Dorff was pretty damn good, even at this age. But the film is really carried by the chemistry and the friendship of Dorff and Dudikoff’s characters. I really liked Dudikoff in this and while I prefer him being a straight up action star, he got to really show his human side and his acting ability more here than he did in any American Ninja movie or Avenging Force.

What was also best about this leading duo is that they looked like they enjoyed being in this movie and that they actually clicked well together off screen. In retrospect, it must have been cool for the young Dorff to work opposite an ’80s action star and for Dudikoff it must have been satisfying working with a kid that had chops and a pretty bright future.

Rating: 6.5/10
Pairs well with: other ’90s road trip movies.

Comic Review: Barack Panther: Barack In Black – One-Shot

Published: April 24th, 2019
Written by: Kelsey Shannon
Art by: Kelsey Shannon

Antarctic Press, 22 Pages

Review:

I’m not a big fan of political parody or satire. It’s usually predictable, the jokes are overused and it’s never that funny. Well, at least not in the last decade or two. Old school Saturday Night Live was pretty great when they still had the balls to poke fun at both sides. Also, South Park does a pretty good job as they shit on everyone and everything.

I am a fan of Kelsey Shannon though, so I figured I’d give this a shot. I mean, he wrote the story and did the art and I typically find the guy to be a lot of fun and his art is usually pretty damn solid. Also, you should check out his YouTube channel, as well as The Jack Show, which also features Jon Malin, Cecil Says and Anna a.k.a. That Star Wars Girl.

Now while I haven’t read any of the previous Barack Panther comics, it’s not hard to get the concept and to just pick this up and enjoy it without having had to read the other comics.

This one has a Men In Black twist to it, as Obama and Biden team up, as special agents, to fight an extraterrestrial threat. Surprisingly, but not really, Joe Biden is revealed to be an alien. I guess that explains a lot.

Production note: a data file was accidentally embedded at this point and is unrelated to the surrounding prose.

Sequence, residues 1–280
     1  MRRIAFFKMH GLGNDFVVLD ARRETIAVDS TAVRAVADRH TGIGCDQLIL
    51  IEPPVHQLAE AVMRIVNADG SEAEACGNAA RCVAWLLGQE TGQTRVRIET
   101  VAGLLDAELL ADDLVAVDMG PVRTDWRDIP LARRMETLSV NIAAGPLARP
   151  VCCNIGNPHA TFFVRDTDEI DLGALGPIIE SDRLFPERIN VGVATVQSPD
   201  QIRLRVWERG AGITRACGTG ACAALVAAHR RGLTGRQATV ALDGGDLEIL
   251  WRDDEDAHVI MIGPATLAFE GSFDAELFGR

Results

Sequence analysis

Anyway, while this isn’t typically my cup of tea, I was amused by it and more than anything else, enjoyed Shannon’s art.

Rating: 6/10
Pairs well with: I guess other Barack Panther comics.

Film Review: Serial Mom (1994)

Release Date: April 13th, 1994
Directed by: John Waters
Written by: John Waters
Music by: Basil Poledouris
Cast: Kathleen Turner, Sam Waterson, Ricki Lake, Matthew Lillard, Mink Stole, Mary Jo Catlett, Justin Whalin, Traci Lords, Suzanne Somers, Joan Rivers (cameo), L7, John Waters (voice)

Polar Entertainment Corporation, Savoy Pictures, 93 Minutes

Review:

“If ever there was a time to go on record against the death penalty, wasn’t it that night? Capital punishment is already the law in the state of Maryland. So what are we waiting for, fellow Christians? Let’s just do it.” – Father Boyce

It’s been years since I’ve seen this but man, it was really refreshing seeing it again for probably the first time since it came out on video back in the mid-’90s.

I forgot how fantastic this movie was. But then it’s a John Waters film and his style of humor mostly works for me. And his ’80s and ’90s movies were a bit more palatable for mainstream audiences.

While Kathleen Turner is a damn fine actress, I don’t think she ever had a better time than she did making this movie. I mean, she looks like she is having a blast in every single scene. She commits to the bit wholeheartedly and gave us a stupendous and iconic performance in this film.

Granted, this wasn’t a big hit and is sort of a cult movie but that also kind of makes this cooler, as not a lot of people know about it and the few I brought it up to don’t even remember its existence. Although, I’m not sure how this went down the memory hole, as it’s an entertaining romp full of cold blooded murder and a solid critique on the celebrity status of serial killers in American culture.

It also peers beyond the facade of mainstream Americana. While this was a pretty common trope in the movies of the time, when it works, it works and Waters has a certain panache that others can’t match or attempt to replicate.

I love that this takes place in the ’90s but has a strong ’50s sitcom feel to it. But Waters was a master of channeling nostalgia from that era.

While Turner is the absolute centerpiece of this film and owns every scene, the rest of the cast is outstanding as well. Especially her family, played by Sam Waterson, Ricki Lake and Matthew Lillard.

My only complaint about the film is that sometimes characters’ motivations are confusing. Like how Turner’s family supports her and wants her to get off from the six murders she’s being tried for but then are immediately fearful when she gets away with it and is coming home.

Also, the ending was just sort of okay and predictable.

Additionally, the first two-thirds of the movie are perfection. But things slow to a crawl and become less interesting once the trial starts.

Still, this was a motion picture that I was really happy to revisit. And ultimately, it made me realize that I need to go back and work my way through John Waters filmography again.

Rating: 8.25/10
Pairs well with: pretty much anything by John Waters.